FORT LEAVENWORTH, Kan. (April 29, 2010) -- Secretary of the Army John McHugh met with Combined Arms Center leaders and students from the Command and General Staff College when he visited Fort Leavenworth April 27.
It was McHugh's first visit to CAC and Fort Leavenworth since becoming the 21st secretary of the Army, Sept. 21, 2009. McHugh said he also had never visited Fort Leavenworth when he was in Congress and served on the House Armed Services Committee.
"I've heard a lot of briefs on the efforts that are ongoing here, but there is no substitute for going here and talking to great leaders like (Lt.) General Bob Caslen and the entire command staff as to what they do on a day-by-day basis, how they view their mission, what they may or may not need in addition to what has been provided," he said.
McHugh said he wanted to do two things during his visit to CAC and Fort Leavenworth.
"First, we want to be sure we are providing the training to create the best leaders possible for today and whatever the future may hold," he said.
"The other thing that happens here very importantly to the on-going fight is it is the place where lessons learned are synthesized and distilled down into training and doctrine programs and disseminated back to the theater so we're being highly agile and reactive to what's happening in Iraq or Afghanistan," McHugh said.
After meetings with students from the Intermediate Level Education course and the School of Advanced Military Studies, McHugh said he was impressed.
"By every measure of what I saw today, it was uplifting. I think the students were incredible in their skills and their enthusiasm for this program. They're interested in trying to be the best leaders in the Army of the future and felt that they were getting a year to grow their skills and reach their greatest potential."
McHugh said he wanted the students' honest impressions of the training they are receiving at CGSC.
"All of the Soldiers I met with today have been downrange, they've been in the fight, they've seen it, lived it," McHugh said. "I wanted to assess their opinions of what's going on here and of what value it is to the ongoing persistent conflict.
"You always fear that you're behind the times, that you're not providing the training environment and educational experience that they find of value. If anybody felt that way, they didn't say it. I was very pleased with the positive comments about what happens here. That was mission one for me - to make sure we're not just providing a campus, that what happens here is in tune to the realities of our force today."
One of the realities in today's Army is an operational tempo that is putting stress on Soldiers and their families. McHugh said he and Army Chief of Staff Gen. George W. Casey Jr. are always looking at how the Army can improve the way it is helping Soldiers cope with stress.
"Probably the most prominent (way to reduce stress) is to increase dwell time," he said. "Eight plus years of persistent conflict, deployment after deployment - sometimes that dwell ratio is 1-to-1 (years) or 1-to-1.2 and it stresses the Soldier and his or her family. I made a commitment to extend the dwell time at home with an objective of 1-to-2 by the end of 2011 (for the active component)."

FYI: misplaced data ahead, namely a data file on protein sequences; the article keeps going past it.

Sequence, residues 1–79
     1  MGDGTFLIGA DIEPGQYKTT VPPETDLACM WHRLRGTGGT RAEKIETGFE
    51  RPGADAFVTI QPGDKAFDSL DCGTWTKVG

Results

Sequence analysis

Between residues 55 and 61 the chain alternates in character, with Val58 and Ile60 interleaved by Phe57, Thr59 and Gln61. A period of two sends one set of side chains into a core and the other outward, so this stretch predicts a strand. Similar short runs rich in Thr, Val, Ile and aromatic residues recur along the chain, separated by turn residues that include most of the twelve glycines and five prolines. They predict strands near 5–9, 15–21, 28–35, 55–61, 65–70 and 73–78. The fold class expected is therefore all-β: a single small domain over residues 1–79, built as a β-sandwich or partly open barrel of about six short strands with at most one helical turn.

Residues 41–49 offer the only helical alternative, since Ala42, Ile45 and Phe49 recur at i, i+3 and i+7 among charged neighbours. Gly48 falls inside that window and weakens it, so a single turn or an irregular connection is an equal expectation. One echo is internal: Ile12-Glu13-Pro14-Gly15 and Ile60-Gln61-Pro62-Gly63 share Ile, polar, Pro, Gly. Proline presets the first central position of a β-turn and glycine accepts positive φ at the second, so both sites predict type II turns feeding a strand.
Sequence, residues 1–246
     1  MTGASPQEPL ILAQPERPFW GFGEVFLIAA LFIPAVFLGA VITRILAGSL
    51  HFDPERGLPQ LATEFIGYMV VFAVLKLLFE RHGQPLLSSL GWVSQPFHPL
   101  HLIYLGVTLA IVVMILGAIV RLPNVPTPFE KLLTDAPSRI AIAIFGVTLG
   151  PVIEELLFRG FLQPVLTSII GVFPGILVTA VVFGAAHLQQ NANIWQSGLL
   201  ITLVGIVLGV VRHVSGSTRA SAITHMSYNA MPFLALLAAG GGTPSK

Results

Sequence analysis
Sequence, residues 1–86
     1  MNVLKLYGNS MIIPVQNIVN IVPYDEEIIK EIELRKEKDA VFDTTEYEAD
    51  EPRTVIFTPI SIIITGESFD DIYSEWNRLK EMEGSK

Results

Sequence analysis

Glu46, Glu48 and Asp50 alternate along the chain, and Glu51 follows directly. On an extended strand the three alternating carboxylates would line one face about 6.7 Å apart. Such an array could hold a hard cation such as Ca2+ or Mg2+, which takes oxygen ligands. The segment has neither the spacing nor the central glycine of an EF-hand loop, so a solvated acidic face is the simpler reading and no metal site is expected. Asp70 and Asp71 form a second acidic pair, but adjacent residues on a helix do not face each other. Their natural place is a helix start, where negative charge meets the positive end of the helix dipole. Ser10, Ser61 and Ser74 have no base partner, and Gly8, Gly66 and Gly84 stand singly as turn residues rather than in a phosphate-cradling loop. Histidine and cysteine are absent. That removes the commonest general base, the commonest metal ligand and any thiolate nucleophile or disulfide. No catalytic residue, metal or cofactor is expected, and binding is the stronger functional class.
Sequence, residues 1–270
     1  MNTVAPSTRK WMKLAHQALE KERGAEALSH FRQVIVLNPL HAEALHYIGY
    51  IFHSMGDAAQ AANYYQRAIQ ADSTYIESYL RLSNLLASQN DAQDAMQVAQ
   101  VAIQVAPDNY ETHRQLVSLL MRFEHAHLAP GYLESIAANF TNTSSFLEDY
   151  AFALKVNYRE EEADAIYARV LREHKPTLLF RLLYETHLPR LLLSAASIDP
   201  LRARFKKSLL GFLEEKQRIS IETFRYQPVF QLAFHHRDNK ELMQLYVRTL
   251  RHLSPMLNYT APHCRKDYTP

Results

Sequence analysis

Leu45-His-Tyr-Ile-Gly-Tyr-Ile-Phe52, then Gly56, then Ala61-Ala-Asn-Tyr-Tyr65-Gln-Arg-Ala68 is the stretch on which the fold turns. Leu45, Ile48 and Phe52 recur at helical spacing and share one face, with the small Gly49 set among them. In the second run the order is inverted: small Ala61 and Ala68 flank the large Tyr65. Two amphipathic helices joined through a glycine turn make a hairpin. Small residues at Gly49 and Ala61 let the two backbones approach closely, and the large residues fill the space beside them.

McHugh said the ultimate objective is to have a 1-to-3 deployment to dwell time ratio for the active component and a 1-to-5 ratio for the reserve component.
"We know from studies that we've had available to us that it takes at least two to three years to get back to what we call a garrison level of stress - to recover from a wartime deployment," he said. "Obviously, a lot of the force is operating far from that standard."
With the drawdown of forces in Iraq, and even considering the increase in operations in Afghanistan, McHugh said he and Casey anticipate having 70 percent of the active force on a 1-to-2 dwell ratio by 2011.
"There are a lot of things we have to do - and not just be reactive - in providing post-deployment programs," McHugh said.
"What we're really trying now is to provide programs to help people avoid developing an overreaction to stress," he said. "My predecessor Pete Geren and General Casey were leaders in developing the Comprehensive Soldier Fitness Program - that's a program to help people build resiliency."
McHugh said he visited noncommissioned officers in resiliency training at the University of Pennsylvania a few weeks ago and was impressed with the program.
"(Master Resilience Trainers) will go back into the force and develop the skills that are necessary to cope with stress, whether it's because of a deployment or stress that all of us as human beings encounter," McHugh said. "We want that to expand to the families, who are obviously an important part of the equation."
The training has been well received, McHugh said.
"It was a lot fun to see these tough, wizened NCOs, who probably aren't normally known for their touchy-feely perspective, just enthusiastically embracing this program and looking forward to getting back to their troops and helping them."
"We're taking a holistic approach to this; it continues to be a struggle, and we still have a long, long way to go," McHugh said.